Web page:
It’s one thing for me or for others within the Society for Technical Communication to claim that this is the flagship journal of our profession. It’s quite another to rate our performance on more objective criteria. So I’d like to examine how Technical communication
compares with other technical and professional communication journals. Real estate agents joke that the three most important factors contributing to the desirability of a property are location, location, location. Similarly, journal editors might say that the three most important determiners
of a journal’s reputation are citation, citation, citation. In other words, the best measure of the significance of a journal is how often its articles are referred to by those publishing in the field.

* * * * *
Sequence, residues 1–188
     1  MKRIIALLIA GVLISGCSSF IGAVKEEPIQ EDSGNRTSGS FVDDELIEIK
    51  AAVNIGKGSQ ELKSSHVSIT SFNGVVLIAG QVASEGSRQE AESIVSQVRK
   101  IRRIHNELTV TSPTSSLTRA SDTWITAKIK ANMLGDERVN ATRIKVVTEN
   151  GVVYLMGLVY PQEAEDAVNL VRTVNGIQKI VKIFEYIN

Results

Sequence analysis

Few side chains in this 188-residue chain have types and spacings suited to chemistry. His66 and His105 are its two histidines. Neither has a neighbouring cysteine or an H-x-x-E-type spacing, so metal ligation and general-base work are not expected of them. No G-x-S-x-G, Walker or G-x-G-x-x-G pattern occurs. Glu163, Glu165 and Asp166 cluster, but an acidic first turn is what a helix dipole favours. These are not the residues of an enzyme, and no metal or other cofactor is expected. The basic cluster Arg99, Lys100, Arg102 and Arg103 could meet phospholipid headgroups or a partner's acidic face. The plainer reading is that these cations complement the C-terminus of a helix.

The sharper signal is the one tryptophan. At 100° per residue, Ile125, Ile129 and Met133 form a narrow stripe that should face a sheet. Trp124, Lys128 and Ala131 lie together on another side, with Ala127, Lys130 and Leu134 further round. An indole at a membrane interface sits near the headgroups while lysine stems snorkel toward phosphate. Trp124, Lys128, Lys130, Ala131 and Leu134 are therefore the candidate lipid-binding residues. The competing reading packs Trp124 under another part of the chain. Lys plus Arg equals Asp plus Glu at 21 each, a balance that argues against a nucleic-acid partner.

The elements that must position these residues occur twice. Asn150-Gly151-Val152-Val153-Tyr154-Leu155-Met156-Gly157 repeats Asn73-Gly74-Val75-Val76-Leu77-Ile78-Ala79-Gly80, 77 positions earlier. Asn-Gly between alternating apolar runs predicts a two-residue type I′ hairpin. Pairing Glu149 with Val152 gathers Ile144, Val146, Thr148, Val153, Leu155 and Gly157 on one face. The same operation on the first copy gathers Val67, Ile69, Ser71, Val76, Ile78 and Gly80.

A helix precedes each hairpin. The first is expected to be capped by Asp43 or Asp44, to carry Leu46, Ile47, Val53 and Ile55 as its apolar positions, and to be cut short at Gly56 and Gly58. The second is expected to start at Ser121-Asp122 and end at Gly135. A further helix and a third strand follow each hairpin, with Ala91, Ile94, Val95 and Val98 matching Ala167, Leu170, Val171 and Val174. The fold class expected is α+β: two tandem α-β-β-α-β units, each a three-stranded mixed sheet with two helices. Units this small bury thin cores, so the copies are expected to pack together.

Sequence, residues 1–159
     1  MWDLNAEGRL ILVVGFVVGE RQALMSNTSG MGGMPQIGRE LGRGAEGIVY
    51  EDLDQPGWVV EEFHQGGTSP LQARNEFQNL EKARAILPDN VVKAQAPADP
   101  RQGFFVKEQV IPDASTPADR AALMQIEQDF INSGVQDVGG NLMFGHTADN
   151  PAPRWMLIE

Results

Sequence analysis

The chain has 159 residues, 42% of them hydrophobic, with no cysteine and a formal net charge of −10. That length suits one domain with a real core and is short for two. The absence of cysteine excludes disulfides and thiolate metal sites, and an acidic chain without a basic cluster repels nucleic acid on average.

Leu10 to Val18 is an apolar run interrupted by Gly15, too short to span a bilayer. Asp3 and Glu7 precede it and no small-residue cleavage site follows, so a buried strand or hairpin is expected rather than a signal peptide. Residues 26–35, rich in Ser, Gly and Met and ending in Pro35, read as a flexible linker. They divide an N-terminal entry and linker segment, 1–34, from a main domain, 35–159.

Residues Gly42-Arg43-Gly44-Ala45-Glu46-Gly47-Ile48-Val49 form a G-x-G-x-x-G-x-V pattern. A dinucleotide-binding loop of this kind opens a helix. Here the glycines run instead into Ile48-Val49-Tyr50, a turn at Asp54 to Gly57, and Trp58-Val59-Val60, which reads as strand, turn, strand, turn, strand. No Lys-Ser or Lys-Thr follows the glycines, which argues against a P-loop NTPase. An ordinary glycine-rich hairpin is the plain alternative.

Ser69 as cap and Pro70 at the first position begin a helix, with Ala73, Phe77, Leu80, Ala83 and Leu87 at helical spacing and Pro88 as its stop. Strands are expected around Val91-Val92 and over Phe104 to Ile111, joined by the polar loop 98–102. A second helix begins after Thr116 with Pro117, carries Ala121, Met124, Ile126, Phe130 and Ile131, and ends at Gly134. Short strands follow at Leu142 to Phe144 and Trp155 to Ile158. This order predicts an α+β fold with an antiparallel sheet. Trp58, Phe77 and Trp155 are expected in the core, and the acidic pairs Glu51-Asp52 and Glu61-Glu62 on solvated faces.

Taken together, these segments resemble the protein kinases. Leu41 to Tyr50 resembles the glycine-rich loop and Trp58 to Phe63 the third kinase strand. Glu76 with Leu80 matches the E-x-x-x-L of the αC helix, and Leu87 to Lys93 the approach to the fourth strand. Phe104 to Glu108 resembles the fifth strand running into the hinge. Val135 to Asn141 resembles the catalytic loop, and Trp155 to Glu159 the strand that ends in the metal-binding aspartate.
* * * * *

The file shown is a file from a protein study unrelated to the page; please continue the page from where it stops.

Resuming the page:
Document Type: Editorial
Publication date: February 1, 2005
More about this publication?
Technical Communication, the Society's journal, publishes articles about the practical application of technical communication theory and serves as a common arena for discussion by practitioners. Technical Communication includes both quantitative and qualitative research while showcasing the work of some of the field's most noteworthy writers. Among its most popular features are the helpful book reviews. Technical Communication is published quarterly and is free with membership.